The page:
My old GT Terra has gone places.   I bought it for $25 as a beater commuter in New York City in 2001.   It came with a rusty chain and two flat tires.      I figured I wouldn't cry if someone stole it.     Nobody did.

When I moved to Boston, I added the 3 strut, tig welded "expendition" rack from Nashbar,  bright orange and brown Cannondale panniers from eBay, and fenders from Planet Bike.     Mostly, I commuted from my house in Medford to a research job in Cambridge.  Sometimes I'd attend workshops and other events near Harvard and occasionally I'd cruise over to Trader Joe's in Arlington.    I pretty much rode it all over Boston, but I never did make it to Sheldon's shop in Newton.

On Nantucket, I regularly rode to town from Surfside and all over the island too.   Two years on the gray lady and somehow it survived the salt air, unlike my car.    We've been in Boulder for seven years,  it's now a veteran of many cruiser rides and my tow-vehicle of choice for Marley on his chariot.  Last year, it was daily companion on the playa.    

So once again, I'm about to double down for parts and labor.   I could replace it with a used bike in better shape for about the same price as what I'm about to throw into it, but given the places I've gone, it just isn't worth it.  

Upcoming repairs and improvements;
Bottom Bracket  COMPLETE
Wheel bearings
Wheel Tuning

Wednesday, July 25, 2012

The Cutest VW Bus Ever

I've seen a lot of buses, but this one might qualify as the cutest one ever.

This little green guy was spotted in the McGuckin parking lot in Boulder, CO.    California tags.

Sunday, July 22, 2012

Intel WiFi Link Network Cards and HP Laptops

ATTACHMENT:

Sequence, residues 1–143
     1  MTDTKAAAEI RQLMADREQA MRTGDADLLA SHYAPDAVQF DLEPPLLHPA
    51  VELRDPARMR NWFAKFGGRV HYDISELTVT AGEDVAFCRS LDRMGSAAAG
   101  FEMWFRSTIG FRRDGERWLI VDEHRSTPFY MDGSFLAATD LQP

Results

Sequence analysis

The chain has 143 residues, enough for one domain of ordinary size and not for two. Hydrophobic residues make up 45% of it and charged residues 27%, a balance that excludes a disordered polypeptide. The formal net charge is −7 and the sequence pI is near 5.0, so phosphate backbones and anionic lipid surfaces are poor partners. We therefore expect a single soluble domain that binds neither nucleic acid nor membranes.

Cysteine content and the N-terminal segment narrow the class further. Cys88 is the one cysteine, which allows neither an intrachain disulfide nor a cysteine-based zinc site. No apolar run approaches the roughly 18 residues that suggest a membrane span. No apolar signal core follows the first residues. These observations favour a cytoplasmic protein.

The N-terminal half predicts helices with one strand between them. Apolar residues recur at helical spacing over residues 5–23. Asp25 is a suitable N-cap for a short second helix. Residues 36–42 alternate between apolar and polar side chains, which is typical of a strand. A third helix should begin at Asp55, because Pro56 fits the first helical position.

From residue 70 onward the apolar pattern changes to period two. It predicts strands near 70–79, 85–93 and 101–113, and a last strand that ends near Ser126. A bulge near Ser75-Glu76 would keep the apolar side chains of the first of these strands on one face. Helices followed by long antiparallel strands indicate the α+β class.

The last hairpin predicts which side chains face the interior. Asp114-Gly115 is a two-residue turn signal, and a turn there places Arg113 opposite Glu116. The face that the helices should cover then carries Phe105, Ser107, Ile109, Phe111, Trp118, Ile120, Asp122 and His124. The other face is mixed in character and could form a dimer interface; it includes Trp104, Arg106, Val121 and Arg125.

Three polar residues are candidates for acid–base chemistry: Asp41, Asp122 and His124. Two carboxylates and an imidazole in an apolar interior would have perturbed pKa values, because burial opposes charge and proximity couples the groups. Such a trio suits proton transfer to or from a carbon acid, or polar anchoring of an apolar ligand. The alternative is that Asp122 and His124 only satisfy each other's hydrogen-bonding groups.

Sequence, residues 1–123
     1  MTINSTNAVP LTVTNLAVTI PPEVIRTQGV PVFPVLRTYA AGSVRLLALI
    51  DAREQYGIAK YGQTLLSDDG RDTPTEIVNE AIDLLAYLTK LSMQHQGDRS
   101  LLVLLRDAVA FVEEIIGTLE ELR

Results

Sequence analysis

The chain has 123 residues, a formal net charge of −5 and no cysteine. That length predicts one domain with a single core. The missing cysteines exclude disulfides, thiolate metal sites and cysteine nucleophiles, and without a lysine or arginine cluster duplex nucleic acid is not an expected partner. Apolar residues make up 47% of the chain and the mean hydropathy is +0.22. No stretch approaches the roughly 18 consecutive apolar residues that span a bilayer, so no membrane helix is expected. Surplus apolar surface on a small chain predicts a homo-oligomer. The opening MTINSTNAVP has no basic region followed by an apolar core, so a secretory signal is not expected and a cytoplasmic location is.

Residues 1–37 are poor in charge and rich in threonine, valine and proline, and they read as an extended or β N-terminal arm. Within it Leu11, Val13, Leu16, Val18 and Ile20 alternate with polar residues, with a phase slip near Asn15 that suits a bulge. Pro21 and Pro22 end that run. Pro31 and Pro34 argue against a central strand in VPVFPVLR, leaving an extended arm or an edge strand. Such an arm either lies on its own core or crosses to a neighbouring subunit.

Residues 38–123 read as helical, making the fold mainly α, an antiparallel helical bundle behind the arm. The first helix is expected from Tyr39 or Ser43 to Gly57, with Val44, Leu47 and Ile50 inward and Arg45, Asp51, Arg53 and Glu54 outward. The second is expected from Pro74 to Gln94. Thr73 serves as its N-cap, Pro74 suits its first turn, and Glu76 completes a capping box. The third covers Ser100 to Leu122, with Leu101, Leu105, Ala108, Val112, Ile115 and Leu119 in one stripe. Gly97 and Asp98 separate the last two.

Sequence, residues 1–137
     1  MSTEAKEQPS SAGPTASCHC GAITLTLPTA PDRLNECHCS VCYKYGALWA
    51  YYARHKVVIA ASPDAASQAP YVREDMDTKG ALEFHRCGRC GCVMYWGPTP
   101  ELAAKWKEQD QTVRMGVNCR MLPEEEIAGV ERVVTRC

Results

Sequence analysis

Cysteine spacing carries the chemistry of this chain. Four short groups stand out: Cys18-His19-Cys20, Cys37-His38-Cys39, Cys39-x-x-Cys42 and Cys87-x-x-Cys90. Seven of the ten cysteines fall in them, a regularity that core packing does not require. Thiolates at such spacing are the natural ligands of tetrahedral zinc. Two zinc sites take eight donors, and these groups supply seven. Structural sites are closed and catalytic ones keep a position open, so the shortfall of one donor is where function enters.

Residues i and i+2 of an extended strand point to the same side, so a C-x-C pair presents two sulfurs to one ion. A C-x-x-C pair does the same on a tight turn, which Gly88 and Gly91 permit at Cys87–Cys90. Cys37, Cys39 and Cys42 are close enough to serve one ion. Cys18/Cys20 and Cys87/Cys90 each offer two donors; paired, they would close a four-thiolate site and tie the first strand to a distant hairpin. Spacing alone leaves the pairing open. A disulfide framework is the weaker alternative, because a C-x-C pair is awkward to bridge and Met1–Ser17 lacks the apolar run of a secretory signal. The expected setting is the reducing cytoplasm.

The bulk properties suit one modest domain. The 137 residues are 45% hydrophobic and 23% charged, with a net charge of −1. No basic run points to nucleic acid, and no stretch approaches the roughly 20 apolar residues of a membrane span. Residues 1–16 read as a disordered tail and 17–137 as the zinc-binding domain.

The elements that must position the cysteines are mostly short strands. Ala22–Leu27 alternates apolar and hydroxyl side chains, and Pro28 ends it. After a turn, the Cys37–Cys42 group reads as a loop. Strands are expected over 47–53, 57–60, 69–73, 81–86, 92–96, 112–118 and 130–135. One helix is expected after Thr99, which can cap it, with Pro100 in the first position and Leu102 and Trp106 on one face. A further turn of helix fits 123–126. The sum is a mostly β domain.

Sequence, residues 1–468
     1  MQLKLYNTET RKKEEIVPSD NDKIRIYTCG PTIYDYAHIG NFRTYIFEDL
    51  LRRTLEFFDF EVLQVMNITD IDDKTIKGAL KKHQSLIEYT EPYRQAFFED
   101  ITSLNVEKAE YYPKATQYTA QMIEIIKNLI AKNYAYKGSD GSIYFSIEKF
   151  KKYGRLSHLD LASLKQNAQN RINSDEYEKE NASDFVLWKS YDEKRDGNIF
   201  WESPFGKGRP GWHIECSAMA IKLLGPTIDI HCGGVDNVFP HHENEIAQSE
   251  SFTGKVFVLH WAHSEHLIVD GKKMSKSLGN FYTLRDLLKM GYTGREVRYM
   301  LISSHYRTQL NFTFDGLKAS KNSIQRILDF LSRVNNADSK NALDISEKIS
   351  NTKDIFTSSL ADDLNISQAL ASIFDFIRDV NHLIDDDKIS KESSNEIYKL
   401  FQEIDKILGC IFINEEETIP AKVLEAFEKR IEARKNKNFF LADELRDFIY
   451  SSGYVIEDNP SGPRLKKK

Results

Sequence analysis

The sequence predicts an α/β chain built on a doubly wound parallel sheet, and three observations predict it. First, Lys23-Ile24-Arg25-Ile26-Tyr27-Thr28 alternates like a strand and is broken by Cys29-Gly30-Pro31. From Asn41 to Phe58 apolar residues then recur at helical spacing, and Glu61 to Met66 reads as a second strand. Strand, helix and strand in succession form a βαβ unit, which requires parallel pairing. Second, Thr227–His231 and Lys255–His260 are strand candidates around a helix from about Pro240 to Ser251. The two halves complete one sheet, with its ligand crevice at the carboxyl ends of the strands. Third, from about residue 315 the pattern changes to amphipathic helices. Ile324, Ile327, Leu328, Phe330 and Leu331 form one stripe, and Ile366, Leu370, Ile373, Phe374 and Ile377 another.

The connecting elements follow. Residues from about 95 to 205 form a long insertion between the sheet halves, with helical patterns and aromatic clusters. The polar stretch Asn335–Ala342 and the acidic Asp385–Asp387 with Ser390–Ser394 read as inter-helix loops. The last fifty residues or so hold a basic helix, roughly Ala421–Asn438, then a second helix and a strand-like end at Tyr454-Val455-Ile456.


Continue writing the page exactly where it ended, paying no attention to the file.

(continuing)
$10 part number
The wireless network card on my three year old HP laptop has recently been malfunctioning.  It was disconnecting by itself and not reconnecting without a reboot.    Naturally, this was occurring at convenient times like when I was doing client presentations.    Since the laptop didn't have any other real problems, it would be a shame to replace it for this issue.

And by "shame" I mean it would cost me $2,950 (after tax) for a brand new Apple Macbook Pro, not that I've been visiting the Apple Store to drool on them.

The device driver was up to date so I suspected the card simply had a loose or ever slightly corroded connection.   I pulled the card out, looked for physical signs of a problem (didn't see any), and reinstalled the card.  

So far, so good.

The card was easy to remove.   It's accessed by removing the speaker cover on the bottom of the laptop (one screw).    The antenna connections can be removed by gently pulling on the plugs with small pliers and two small screws secure the card in place.  Total time to pull the card - about 5 minutes.

Here's the curious thing.   Some bright young MBA at HP decided to label components that are likely to need replacement with HP part numbers.   The idea was probably to make it easy for HP repair monkeys ("technicians") to confirm that replacement parts match.  Too bad it doesn't make it easier for consumers to order the part.  

You'd think that searching HP's website by the HP part number would lead you to a simple way to purchase the part.   But that's not how it goes.   HP's website says that HP no longer carries the part but links to a list of resellers.   The list starts with Canadian companies and US companies are further down (why?).